Thursday, March 22, 2012
Blooming season has gone berserk here in the Southeast. It is likened to living in a flower, replete with gorgeously hued and perfumed environs, but sometimes the pollen onslaught can be a doozy. Even if we're not in a big metropolis battling with pollution, noise, or are constantly bombarded with technology, advertisements and traffic, believe me, here in the country we also need to take a break from environmental stressors. So if you're country or city folk, a good system re-boot gives the body a much deserved detoxifying break. This time of new growth and regeneration is perfect for slothing off some excess and carrying a lighter load into the summer months.
I would love to take the time off to do a proper "cleanse" to give the body a break for at least a week. I did the Goldenbridge Yogi Cleanse two years ago and felt like a million bucks for a good few months, until it was back into the old routine. But unless you have a light schedule and the funds to boot, it's not very accessible to most and not so realistic in our busy lives either. So in light of my upcoming spring cleaning yoga series workshop starting this Sunday, I would like to share this wholesome meal of mung beans and rice that I have come to love making over the past few years, which is not only extremely cleansing, but actually sustaining, comforting and so yummy. If you are a yogi or like Indian food, I don't have to convince you. But if you are new to these flavors, trust me, you will become easily addicted to the warmth that this meal provides. I find this a much gentler approach to cleansing, as you do not feel starved throughout the day as you would on a juice fast or green cleanse.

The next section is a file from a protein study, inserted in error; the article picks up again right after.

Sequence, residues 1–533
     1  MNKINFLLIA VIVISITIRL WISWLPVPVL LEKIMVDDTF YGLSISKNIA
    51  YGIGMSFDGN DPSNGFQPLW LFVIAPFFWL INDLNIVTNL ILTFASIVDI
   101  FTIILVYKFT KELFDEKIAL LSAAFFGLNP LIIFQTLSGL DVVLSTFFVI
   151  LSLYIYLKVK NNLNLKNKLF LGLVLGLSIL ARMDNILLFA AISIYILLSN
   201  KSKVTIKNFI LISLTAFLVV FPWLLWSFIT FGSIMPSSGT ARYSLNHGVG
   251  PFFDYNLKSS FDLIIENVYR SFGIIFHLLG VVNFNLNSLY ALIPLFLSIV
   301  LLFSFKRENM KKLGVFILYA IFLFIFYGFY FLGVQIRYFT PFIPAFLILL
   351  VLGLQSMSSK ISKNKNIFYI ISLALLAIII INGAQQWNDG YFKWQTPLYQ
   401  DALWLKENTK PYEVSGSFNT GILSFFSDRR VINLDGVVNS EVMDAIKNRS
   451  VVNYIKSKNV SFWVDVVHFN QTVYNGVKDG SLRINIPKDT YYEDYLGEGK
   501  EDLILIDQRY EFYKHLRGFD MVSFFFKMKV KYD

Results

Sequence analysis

I have adapted the recipe ever so slightly from one of my dear yoga teachers Jai Gopal. He has a printable version which is easy to follow and keep in your archives. The key to smooth preparation is all in the mise-en-place, in other words, the prep-work. If you take your time gathering everything you need, measuring it all out, chopping and placing in prep bowls, the actual cooking time is a breeze.
The way I personalize the dish is by using ghee instead of oil. Ghee is clarified butter and is not carcinogenic at high temperatures like oil is, which translates into an even healthier preparation. You can find it at any health food store or make it yourself. You can create your own selection of favorite vegetables, but my staple is carrots, zucchini and celery. And my secret ingredient that I add to the masala mixture spices is whole cloves - about ten. Since I like mild spice, instead of a 1/2 teaspoon of red chili flakes, I use 1/4 tsp. But if you really like a kick, rock on and add more! One more really important thing I find that most people do not know about is deveining the garlic. I was taught that the vein is poisonous and the cause of most digestive problems people develop with eating garlic. It takes one more step in the long list, but well worth it.